The problem of finding quality farm labor is a frequent complaint among Mid-South producers. A common refrain goes something like this: “I’d love to have a great pool of workers from around here to pull from. That pool just isn’t there. The good workers are already employed on another farm and aren’t going anywhere.”
I can’t help but imagine a farmer at his shop desk brooding over this state of affairs. Then, he sighs and reaches for the phone, dialing a placement service for overseas farm workers seeking employment.
Romanians and South Africans seem to be the countries of origin for most of these type workers in east Arkansas. A producer I spoke with recently has been hiring South Africans for several years. “There’s not much drama. They just want to work as much as possible, make as much money as fast as possible, while they’re away from home. And that’s what we need: someone willing to work hard. That’s it.”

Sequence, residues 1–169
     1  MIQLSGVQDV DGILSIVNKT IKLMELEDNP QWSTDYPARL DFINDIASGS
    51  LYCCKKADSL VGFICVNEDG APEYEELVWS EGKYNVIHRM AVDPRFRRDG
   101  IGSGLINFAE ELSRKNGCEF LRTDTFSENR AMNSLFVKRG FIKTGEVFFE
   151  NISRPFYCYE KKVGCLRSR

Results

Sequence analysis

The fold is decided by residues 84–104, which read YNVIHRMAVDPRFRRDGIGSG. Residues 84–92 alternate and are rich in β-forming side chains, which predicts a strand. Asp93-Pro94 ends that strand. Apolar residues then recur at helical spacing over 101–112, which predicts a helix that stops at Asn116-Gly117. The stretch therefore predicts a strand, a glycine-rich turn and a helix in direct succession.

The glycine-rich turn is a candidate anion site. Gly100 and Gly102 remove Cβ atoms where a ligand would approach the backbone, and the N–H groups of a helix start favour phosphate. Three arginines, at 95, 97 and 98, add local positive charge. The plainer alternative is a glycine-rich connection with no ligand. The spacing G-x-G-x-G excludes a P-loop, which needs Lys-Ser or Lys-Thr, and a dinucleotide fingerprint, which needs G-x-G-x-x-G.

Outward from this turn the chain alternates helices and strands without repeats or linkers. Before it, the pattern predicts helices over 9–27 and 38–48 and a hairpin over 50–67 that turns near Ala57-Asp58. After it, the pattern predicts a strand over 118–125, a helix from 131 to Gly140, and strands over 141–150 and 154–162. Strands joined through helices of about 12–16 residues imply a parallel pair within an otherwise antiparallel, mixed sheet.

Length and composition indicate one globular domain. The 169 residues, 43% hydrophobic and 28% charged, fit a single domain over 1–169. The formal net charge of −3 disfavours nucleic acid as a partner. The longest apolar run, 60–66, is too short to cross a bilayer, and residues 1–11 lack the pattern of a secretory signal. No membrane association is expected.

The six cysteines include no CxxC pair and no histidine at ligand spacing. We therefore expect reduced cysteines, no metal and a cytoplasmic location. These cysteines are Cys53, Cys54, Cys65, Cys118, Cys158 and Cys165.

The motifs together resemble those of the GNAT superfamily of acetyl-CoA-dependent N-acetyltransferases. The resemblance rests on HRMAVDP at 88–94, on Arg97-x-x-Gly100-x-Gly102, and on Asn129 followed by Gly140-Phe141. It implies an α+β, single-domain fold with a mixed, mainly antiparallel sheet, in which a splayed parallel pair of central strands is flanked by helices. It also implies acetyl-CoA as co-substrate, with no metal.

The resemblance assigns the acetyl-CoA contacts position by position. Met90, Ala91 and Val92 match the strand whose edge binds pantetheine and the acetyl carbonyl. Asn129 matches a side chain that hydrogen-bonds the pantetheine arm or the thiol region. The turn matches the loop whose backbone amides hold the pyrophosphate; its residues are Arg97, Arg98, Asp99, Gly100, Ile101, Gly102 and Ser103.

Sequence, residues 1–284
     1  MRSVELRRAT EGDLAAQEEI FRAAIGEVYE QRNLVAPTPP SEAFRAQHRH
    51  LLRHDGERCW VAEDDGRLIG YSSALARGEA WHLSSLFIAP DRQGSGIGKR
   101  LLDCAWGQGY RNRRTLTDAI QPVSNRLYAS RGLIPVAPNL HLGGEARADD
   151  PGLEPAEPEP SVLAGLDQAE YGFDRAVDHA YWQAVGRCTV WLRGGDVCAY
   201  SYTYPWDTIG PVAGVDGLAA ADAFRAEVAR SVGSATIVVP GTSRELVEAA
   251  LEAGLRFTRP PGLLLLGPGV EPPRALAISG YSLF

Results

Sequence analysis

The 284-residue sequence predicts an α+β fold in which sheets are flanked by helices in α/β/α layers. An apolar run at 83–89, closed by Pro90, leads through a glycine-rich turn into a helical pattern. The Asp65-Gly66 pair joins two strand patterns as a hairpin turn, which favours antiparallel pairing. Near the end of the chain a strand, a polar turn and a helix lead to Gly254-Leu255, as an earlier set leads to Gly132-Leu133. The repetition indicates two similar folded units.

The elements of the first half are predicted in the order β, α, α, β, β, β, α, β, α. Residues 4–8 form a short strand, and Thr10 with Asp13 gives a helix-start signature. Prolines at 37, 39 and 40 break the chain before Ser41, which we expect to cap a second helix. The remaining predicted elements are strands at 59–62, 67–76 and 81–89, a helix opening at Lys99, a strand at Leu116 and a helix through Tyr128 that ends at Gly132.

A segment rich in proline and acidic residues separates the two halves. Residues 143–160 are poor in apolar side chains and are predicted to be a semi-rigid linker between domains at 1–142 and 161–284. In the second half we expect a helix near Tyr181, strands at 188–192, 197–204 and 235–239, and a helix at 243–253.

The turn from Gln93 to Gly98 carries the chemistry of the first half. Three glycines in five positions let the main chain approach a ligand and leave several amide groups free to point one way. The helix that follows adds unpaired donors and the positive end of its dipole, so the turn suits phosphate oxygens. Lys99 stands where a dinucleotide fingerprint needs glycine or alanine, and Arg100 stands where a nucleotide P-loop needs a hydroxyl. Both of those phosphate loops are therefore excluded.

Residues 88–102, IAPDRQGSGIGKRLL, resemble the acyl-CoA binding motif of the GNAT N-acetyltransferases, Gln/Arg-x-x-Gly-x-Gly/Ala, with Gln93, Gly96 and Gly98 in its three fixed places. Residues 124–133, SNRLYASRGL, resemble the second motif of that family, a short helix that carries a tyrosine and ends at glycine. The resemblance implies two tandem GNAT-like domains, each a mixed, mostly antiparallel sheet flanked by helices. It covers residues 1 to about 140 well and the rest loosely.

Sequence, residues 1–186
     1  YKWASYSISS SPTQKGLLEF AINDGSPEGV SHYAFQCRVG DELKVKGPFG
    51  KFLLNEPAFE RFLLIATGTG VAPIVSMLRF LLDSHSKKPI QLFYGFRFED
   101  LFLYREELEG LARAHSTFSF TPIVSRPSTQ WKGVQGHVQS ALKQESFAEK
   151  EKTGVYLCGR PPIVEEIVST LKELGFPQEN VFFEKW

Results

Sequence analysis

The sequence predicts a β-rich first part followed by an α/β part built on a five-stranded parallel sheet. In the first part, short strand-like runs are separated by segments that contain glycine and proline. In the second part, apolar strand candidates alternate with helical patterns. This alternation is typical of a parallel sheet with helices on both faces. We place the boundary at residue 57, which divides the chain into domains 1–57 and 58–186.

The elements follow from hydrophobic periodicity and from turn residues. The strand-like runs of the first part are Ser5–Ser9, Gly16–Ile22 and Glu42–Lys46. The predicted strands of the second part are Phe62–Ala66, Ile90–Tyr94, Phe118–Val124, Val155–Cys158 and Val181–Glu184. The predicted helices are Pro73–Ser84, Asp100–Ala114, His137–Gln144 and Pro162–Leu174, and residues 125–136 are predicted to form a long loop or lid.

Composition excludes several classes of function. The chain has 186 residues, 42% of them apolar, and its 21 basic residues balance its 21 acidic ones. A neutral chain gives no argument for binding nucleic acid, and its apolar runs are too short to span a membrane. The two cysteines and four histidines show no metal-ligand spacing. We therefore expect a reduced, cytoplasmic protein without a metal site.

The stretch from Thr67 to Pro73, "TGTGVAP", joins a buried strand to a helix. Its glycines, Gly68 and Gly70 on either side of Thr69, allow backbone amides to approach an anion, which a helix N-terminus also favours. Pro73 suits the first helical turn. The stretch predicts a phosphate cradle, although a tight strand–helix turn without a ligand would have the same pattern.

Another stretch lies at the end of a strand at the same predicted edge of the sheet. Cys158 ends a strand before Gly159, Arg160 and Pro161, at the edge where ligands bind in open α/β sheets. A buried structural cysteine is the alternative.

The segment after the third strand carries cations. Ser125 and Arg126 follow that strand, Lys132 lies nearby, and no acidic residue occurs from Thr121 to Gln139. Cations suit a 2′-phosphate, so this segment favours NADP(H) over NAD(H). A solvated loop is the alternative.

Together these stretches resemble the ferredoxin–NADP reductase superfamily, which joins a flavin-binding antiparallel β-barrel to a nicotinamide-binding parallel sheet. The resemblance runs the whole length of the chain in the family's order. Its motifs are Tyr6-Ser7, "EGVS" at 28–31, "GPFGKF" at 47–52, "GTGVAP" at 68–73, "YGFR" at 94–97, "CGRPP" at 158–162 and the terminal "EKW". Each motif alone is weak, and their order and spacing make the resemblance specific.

The farmer said, before putting their young men on a plane, the parents of the South Africans are insistent about a couple of things. First, accommodations must be adequate. Second, an internet hookup must be available so they can Skype.
This isn’t just a problem for the Mid-South. It turns out a farm labor shortage is also a big problem in the UK. With the holiday season rush set to start, “the National Farmers Union called on the government to introduce new measures to prevent a shortfall in agricultural workers next year,” says a report by The Guardian.
The Brexit vote and the falling value of the pound are getting fair shares of blame for the labor gap, the worst in over a decade.
“We’re already experiencing a shortfall in (European Union) workers resulting from long-term declines and exacerbated by the (Brexit) referendum outcome,” said NFU horticulture board chair Ali Capper. While the British government understands the labor needs, “without basic assurances from government that this labor will be accessible in future, grower businesses face huge uncertainty and are delaying investment in British production.”
In the UK, says the report, “Horticulture alone needs around 80,000 seasonal workers to pick and pack fruit, vegetable and plant crops across the country.”